What most people know about Rwanda is that it is a small country located in East-Africa. Some might have heard about the horrific genocide in 1994 as well. During this massacre of about 100 days nearly a million Hutus and Tutsis got slaughtered by armed militias. The impact of this genocide on the population is still noticeable nowadays.
It was a bit more than a decade after the terrific genocide that American Jacques Boyer found his way to Rwanda. Initially providing bicycles and first aid to poor, local people, he saw the ability to reunite the population with sports, and cycling specifically. He founded the Rwandan Cycling Academy. Aiming to bring the first Rwandan cyclist to the 2012 London Olympic Games, the bicycle became more and more important for the Rwandans to forget the misery of the genocide. Team Rwanda riders became national heroes. Shining in their home race they reunited the nation and made cycling sport number one.
The passion for cycling among the society is the first thing our riders observed during the days before the race. “We have done a few training rides before the race, and it was unbelievable to see how welcome we are here as cyclists. We were joined by multiple young riders, and along the way all school kids started to run next to us and cheered to us when we passed them”, according to Wesley Mol. For Niko it was his fourth time racing in the land of thousand hills, but also he felt the love for the sport by the Rwandans “For me it was also special to see again that most of the people in Rwanda are using bicycles as their way of transport to work. We have been chased uphill by men on 20kg bikes with thousand bananas or multiple mattresses on the back. Everyone wanted to roll’ a few meters with us. Really cool!”
During the race both the organizer, and the government showed their ability to organize professional sports events. All COVID-measures imposed by the UCI and the country itself were perfectly implied in the hotels and around the race. Teams stayed in the same hotel for the duration of the whole race, multiple PCR tests were done, transfers were smooth, and very important the safety of everyone was insured during all races. In contrast to last year, spectators were allowed to stand on the side of the road again. Thousands of people showed up at the “Mur de Kigali” and other cycling hotspots in Kigali. The crowd of fans was incredible. Moreover, the spectators behaved very respectfully so there were no incidents and the race could run smoothly without any disturbances.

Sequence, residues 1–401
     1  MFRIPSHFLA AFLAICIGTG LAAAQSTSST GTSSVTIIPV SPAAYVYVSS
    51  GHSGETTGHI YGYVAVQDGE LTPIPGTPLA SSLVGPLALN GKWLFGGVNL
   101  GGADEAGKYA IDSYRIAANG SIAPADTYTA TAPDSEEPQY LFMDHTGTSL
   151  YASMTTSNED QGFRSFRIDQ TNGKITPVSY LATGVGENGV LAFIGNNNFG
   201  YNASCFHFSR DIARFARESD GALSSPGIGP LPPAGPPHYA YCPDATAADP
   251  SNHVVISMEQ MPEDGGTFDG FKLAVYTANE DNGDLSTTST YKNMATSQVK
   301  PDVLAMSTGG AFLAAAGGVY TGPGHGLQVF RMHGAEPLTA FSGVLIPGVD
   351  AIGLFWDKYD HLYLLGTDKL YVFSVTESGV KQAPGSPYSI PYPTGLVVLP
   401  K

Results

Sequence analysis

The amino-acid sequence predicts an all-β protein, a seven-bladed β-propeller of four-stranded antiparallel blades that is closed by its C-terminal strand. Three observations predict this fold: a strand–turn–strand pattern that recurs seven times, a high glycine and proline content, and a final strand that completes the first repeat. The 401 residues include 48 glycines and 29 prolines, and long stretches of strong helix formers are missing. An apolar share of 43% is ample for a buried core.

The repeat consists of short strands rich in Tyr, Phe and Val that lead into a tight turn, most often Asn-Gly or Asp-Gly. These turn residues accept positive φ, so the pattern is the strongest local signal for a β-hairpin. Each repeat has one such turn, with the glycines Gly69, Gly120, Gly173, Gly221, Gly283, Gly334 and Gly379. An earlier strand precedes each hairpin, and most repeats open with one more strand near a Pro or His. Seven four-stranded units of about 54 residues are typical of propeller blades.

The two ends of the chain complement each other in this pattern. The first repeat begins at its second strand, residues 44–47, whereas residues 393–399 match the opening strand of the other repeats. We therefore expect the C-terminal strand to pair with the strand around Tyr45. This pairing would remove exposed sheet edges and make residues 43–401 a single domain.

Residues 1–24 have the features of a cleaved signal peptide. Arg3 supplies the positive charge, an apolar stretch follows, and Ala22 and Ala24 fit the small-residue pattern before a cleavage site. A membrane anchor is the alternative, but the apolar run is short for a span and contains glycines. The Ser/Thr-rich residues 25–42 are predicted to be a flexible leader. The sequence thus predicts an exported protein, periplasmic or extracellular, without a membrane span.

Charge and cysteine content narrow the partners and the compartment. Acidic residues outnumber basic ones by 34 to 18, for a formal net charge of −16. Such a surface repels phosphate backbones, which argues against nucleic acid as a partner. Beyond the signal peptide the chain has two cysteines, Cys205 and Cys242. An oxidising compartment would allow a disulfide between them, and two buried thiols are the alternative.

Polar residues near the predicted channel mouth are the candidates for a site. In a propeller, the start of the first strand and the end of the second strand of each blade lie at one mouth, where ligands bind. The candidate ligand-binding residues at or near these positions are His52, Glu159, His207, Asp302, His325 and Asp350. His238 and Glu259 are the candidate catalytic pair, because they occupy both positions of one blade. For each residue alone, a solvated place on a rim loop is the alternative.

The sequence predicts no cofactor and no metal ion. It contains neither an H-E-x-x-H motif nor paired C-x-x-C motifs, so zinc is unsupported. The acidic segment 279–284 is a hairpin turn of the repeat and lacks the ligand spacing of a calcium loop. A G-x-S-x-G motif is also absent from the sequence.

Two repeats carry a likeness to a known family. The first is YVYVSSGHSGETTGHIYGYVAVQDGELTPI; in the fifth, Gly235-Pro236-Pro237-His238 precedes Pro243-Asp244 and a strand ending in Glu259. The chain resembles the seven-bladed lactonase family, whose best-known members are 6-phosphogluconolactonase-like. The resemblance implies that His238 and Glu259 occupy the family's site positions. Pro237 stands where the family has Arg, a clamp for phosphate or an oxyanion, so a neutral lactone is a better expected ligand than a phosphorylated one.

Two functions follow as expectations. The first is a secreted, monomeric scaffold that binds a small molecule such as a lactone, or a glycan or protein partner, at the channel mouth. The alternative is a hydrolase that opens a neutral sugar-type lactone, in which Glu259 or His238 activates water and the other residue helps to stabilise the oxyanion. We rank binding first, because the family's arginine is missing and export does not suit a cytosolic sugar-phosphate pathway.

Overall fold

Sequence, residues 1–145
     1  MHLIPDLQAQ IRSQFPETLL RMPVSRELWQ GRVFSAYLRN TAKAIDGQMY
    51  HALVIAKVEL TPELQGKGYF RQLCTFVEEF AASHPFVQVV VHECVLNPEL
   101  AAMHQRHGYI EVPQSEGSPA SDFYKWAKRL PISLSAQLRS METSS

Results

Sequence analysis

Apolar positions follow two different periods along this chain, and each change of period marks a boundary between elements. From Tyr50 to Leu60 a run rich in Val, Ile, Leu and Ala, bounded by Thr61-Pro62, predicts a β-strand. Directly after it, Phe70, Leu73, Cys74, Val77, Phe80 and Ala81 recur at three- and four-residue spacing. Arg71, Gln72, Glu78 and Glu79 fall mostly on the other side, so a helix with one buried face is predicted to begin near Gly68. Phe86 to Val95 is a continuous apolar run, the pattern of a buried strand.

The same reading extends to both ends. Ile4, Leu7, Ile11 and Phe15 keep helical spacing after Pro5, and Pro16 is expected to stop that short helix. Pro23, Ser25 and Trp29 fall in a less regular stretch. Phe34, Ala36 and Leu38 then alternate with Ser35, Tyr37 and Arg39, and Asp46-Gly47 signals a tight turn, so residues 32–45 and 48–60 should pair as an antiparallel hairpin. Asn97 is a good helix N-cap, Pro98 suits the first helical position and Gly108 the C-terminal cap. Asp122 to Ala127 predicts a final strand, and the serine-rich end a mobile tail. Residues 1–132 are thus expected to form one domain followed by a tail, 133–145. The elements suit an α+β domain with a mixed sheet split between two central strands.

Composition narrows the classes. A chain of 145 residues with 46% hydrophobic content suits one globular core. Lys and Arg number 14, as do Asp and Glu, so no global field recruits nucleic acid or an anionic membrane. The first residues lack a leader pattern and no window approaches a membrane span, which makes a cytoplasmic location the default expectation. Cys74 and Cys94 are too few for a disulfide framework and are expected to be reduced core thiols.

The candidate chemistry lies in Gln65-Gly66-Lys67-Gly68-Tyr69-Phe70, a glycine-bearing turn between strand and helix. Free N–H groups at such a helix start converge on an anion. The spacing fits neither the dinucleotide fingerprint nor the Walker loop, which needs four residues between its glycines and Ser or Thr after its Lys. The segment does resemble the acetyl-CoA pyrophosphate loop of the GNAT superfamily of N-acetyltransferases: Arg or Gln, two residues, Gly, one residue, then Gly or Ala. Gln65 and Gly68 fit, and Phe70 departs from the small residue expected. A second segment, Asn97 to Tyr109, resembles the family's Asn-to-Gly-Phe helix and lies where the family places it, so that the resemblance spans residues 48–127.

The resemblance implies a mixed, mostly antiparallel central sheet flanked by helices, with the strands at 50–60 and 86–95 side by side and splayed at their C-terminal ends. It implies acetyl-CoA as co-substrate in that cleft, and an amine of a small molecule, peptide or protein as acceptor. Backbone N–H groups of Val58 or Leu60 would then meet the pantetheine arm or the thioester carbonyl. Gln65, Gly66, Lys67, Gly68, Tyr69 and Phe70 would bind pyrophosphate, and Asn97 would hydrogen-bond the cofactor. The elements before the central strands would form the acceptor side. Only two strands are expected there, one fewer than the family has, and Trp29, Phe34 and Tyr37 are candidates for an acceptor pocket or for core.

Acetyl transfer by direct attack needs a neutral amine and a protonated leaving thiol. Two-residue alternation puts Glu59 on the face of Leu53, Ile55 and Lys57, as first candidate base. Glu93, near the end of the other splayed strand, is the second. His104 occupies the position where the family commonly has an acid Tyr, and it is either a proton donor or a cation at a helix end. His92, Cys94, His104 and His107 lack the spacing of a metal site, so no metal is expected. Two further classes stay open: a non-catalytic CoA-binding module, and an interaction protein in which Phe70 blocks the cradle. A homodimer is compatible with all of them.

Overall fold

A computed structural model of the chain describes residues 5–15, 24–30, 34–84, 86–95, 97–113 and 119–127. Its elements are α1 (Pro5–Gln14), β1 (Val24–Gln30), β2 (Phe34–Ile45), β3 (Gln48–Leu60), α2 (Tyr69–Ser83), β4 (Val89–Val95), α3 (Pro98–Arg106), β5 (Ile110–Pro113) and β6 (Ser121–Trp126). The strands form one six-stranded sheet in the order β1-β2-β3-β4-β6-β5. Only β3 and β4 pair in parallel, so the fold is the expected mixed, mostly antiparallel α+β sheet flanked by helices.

“I am very happy that we can race in front of fans again. They make every stage special by creating an extraordinary atmosphere and motivation that you don't find in many other races. At the same time they show their appreciation for the race towards the organizer and government by following the COVID related rules they are told to follow. I am sure that Mr. Lapartient recognized this as well, and took it into consideration, when deciding that the 2025 UCI World Championships will take place in Rwanda. I cannot think of a better place to hold the first ever world championships in Africa”, says Adne.
The Tour du Rwanda is arguably the biggest, and hardest bike race in Africa. BIKE AID sports director Anton Wiersma explains the situation for his riders: “The whole country is at moderate to high altitude. Our riders from sea level directly feel the lack of oxygen in the air. But the local riders are fully acclimatized and go easily into the red. This adds an extra dimension to the race.” The BIKE AID riders experienced this last week again.
All in all we have to conclude that it was a very successful race for the team!
The daily sacrifice for each other has rewarded the riders with winning the team classification! Moreover, Jesse Ewart finished on an impressive third place in GC in his first race with the team. After Henoks debut in Antalya, where he showed what he can do on the climbs, the Eritrean finished fifth in the GC.
Adne, Niko and Wesley have absolutely put themselves in the shadow of the GC candidates in this race and even left out great opportunities for stage victories of their own. Without their daily, hard work this final result would not have been possible!